How to Distinguish Data Types in R
How to Successfully Follow Naming Conventions in R
How to Predict New Data Values with R

How to Select Naming Styles in R

If you have experience in programming, you’ve probably heard of camel case, before. It’s a way of giving longer names to objects and functions. You capitalize every first letter of a word that is part of the name to improve the readability. So, you can have a veryLongVariableName and still be able to read it.

Contrary to many other languages, R doesn’t use the dot (.) as an operator, so the dot can be used in names for objects as well. This style is called dotted style, where you write everything in lowercase and separate words or terms in a name with a dot.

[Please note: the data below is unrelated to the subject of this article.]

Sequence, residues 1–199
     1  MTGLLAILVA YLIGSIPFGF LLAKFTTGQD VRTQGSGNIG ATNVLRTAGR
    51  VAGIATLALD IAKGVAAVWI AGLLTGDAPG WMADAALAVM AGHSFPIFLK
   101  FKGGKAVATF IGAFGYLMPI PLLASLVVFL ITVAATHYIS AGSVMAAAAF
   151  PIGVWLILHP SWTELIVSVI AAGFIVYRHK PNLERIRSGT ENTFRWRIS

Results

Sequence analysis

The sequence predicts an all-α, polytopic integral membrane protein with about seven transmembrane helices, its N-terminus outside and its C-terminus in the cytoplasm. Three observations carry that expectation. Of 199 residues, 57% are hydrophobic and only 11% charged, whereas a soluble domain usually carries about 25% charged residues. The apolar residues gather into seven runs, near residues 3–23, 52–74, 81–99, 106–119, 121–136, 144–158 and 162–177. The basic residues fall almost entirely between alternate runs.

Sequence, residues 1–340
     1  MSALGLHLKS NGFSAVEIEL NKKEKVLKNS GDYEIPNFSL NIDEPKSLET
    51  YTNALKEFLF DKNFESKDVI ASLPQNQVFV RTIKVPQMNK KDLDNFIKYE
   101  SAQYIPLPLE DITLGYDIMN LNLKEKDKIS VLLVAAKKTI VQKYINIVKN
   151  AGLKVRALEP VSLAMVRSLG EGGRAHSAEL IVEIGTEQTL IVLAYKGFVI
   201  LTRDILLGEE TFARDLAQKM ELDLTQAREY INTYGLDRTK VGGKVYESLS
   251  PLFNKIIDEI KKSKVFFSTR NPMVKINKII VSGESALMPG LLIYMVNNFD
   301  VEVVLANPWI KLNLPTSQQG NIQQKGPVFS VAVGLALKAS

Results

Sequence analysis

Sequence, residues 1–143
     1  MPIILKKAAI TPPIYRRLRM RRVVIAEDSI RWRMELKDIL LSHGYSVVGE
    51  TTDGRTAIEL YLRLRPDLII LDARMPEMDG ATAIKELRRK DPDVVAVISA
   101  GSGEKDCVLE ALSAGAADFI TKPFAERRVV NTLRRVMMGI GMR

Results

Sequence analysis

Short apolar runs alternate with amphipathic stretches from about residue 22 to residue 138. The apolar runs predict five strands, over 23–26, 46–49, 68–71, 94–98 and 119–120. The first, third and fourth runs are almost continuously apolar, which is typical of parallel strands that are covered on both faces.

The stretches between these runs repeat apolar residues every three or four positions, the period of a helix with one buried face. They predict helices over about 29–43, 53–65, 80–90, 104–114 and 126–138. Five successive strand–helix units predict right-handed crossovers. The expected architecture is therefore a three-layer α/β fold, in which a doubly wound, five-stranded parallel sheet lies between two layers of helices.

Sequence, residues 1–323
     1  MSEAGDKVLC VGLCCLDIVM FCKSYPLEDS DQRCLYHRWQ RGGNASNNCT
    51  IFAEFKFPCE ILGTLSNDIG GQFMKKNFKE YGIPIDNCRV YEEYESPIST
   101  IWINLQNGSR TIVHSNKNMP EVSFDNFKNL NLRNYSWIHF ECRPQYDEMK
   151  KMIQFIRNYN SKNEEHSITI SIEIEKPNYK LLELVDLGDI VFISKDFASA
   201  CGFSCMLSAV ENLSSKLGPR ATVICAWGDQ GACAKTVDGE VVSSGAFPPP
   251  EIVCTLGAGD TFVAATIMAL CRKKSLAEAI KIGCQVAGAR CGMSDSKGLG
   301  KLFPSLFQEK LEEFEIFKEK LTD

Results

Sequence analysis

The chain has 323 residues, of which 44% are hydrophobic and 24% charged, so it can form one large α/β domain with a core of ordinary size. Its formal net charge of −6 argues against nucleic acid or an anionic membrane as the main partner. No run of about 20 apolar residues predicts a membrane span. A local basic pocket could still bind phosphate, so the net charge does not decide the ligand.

In fact, in R, many function names use dotted style. You’ve met a function like this earlier. print.default(). Some package authors also use an underscore instead of a dot.

print.default() is the default method for the print() function. Information on the arguments is given on the Help page for print.default().

You’re not obligated to use dotted style; you can use whatever style you want. R uses dotted style for many base functions and objects, but because some parts of the internal mechanisms of R rely on that dot, you’re safer to use camel case for functions. Whenever you see a dot, though, you don’t have to wonder what it does — it’s just part of the name.

The whole naming issue reveals one of the downsides of using open-source software: It’s written by very intelligent and unselfish people with very strong opinions, so the naming of functions in R is far from standardized.

  • Add a Comment
  • Print
  • Share
blog comments powered by Disqus
How to Create a Bar Chart Using ggplot2 in R
How to Use Dimensions to Extract Values from an Array in R
How to Substitute Text in R
How to Create Vectors in R
How to Use Internal Functions in R
Advertisement

Inside Dummies.com